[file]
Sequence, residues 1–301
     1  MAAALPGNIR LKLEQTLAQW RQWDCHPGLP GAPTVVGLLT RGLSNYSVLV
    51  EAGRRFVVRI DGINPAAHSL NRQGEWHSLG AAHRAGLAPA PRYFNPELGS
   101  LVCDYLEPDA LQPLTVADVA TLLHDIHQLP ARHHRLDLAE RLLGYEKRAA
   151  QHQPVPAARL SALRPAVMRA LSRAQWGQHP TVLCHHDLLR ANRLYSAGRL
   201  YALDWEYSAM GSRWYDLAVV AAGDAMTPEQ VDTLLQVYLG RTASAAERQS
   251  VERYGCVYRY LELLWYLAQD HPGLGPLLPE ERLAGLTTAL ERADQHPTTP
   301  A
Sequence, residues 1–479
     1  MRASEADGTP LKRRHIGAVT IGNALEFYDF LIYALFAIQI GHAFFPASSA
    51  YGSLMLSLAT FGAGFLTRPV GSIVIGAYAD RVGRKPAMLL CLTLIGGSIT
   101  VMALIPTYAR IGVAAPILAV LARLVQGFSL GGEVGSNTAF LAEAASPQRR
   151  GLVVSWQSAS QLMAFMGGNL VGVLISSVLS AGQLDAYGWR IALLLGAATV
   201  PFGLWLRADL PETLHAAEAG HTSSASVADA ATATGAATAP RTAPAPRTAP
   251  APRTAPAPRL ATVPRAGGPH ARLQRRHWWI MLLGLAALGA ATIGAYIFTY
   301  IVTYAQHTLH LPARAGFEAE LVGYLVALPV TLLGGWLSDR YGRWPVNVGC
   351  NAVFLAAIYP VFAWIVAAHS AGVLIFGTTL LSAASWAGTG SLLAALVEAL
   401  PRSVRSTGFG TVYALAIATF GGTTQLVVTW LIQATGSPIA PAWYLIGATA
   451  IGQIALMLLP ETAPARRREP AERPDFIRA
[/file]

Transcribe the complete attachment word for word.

Sequence, residues 1–301
     1  MAAALPGNIR LKLEQTLAQW RQWDCHPGLP GAPTVVGLLT RGLSNYSVLV
    51  EAGRRFVVRI DGINPAAHSL NRQGEWHSLG AAHRAGLAPA PRYFNPELGS
   101  LVCDYLEPDA LQPLTVADVA TLLHDIHQLP ARHHRLDLAE RLLGYEKRAA
   151  QHQPVPAARL SALRPAVMRA LSRAQWGQHP TVLCHHDLLR ANRLYSAGRL
   201  YALDWEYSAM GSRWYDLAVV AAGDAMTPEQ VDTLLQVYLG RTASAAERQS
   251  VERYGCVYRY LELLWYLAQD HPGLGPLLPE ERLAGLTTAL ERADQHPTTP
   301  A
Sequence, residues 1–479
     1  MRASEADGTP LKRRHIGAVT IGNALEFYDF LIYALFAIQI GHAFFPASSA
    51  YGSLMLSLAT FGAGFLTRPV GSIVIGAYAD RVGRKPAMLL CLTLIGGSIT
   101  VMALIPTYAR IGVAAPILAV LARLVQGFSL GGEVGSNTAF LAEAASPQRR
   151  GLVVSWQSAS QLMAFMGGNL VGVLISSVLS AGQLDAYGWR IALLLGAATV
   201  PFGLWLRADL PETLHAAEAG HTSSASVADA ATATGAATAP RTAPAPRTAP
   251  APRTAPAPRL ATVPRAGGPH ARLQRRHWWI MLLGLAALGA ATIGAYIFTY
   301  IVTYAQHTLH LPARAGFEAE LVGYLVALPV TLLGGWLSDR YGRWPVNVGC
   351  NAVFLAAIYP VFAWIVAAHS AGVLIFGTTL LSAASWAGTG SLLAALVEAL
   401  PRSVRSTGFG TVYALAIATF GGTTQLVVTW LIQATGSPIA PAWYLIGATA
   451  IGQIALMLLP ETAPARRREP AERPDFIRA